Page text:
It's just a nicer picture all-round. All it is is basic horsemanship...

When I was just four years old and in riding lessons, my trainer always told me that touching the horn would burn the horse. I knew, of course, she wasn't serious (it was the middle of winter!) but I used that to never cling to the horn and learned to rely on my balance. I never learned to ride with stirrups until I was eleven years old.

And speaking of four-year-old me... I have to hunt that picture down. Little me on a big horse in a class full of adults.


And how hard are you booting your poor animal that your heels are coming this far out from the horse's sides? Ouch.

17 comments:

  1. Long, long ago, in a galaxy far, far away, I had a very cute little buckskin QH, name Cody. He was a pistol. We were in Missouri, stationed in Fort Lost in the Woods.

    I played around with alot of stuff, including the barrels. What fun. Mel, wish I could have done more. No one to train, and parents who were sweet but not really going to support that much.

    That first pic scares even me.

    Do you still do some barrels. I know Willow isn't a barrel horse.

    ReplyDelete
  2. Oh heck yes! I'd never stop. The farm Will is at used to be a SJ barn before I was born... then she switched over to Western and barrels and that's what I started doing there. Then out of nowhere she bought this cheap, gangly, batshit crazy TB gelding that had a showjumping history just for the hell of it, I guess, and asked if I was interested in working with him. I wasn't really, but hell... I fell in love with him and that's how Will and I got started.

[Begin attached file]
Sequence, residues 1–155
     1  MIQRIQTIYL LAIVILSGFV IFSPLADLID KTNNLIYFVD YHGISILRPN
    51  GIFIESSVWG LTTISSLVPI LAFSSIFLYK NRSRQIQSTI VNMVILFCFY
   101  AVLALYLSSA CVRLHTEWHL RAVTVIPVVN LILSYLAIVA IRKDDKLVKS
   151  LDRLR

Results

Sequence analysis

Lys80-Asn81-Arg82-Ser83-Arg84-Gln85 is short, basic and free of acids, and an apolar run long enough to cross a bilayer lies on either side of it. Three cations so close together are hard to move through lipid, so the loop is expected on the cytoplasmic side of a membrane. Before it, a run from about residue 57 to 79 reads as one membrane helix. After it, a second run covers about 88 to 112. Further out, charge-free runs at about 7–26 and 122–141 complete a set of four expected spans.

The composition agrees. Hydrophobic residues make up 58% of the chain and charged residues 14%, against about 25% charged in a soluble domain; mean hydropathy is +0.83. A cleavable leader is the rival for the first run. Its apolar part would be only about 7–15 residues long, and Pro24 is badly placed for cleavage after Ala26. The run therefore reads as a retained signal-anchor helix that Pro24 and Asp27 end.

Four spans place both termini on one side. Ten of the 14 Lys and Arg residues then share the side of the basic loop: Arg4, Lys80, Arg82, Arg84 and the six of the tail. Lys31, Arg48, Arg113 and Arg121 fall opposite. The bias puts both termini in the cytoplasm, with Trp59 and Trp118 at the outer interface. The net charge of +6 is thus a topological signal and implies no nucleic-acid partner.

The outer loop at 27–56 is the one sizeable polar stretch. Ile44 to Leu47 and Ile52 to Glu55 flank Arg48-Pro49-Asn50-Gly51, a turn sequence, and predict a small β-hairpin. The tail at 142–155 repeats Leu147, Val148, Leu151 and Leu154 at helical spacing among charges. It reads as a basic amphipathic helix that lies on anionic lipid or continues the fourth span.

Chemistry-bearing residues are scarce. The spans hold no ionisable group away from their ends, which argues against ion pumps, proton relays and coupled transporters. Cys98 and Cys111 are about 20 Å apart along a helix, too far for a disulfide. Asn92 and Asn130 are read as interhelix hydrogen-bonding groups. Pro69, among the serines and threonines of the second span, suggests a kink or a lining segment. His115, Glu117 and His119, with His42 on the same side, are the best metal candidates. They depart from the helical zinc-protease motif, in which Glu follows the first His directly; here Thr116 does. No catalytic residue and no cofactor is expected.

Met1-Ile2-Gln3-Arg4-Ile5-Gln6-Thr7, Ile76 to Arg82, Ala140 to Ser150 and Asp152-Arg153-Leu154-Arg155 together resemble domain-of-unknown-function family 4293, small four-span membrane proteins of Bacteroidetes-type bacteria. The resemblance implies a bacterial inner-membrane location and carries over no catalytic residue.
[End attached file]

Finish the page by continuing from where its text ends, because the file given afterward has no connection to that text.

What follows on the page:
My big boy on the farm there is Dex. Big bulky QH, light as a feather on the reins and hot damn can he run! Last season I also worked with a QH gelding Buddy and a black Quarab mare Shadow AKA the Dynamite Mare (I may have talked about her to you at some point) and now I've got those three and she bought a new one back in January named Jack Daniels (who names a horse that??) and he's just a whole bundle of awesomeness. Already ran on the pro circuit, he's going to bring home some wins.

    ReplyDelete
  3. Man, that brings back memories. Both my girls ran barrels for years and were pretty successful. I will tell you there are some pretty crappy ass riders out there that fail to understand the principles of basic horsemanship. Kudos to you for educating.
    Mel- how did you find the Quarab to do? We had a few people try full Arabs without success, just could not get the turns and headsets on them.

    ReplyDelete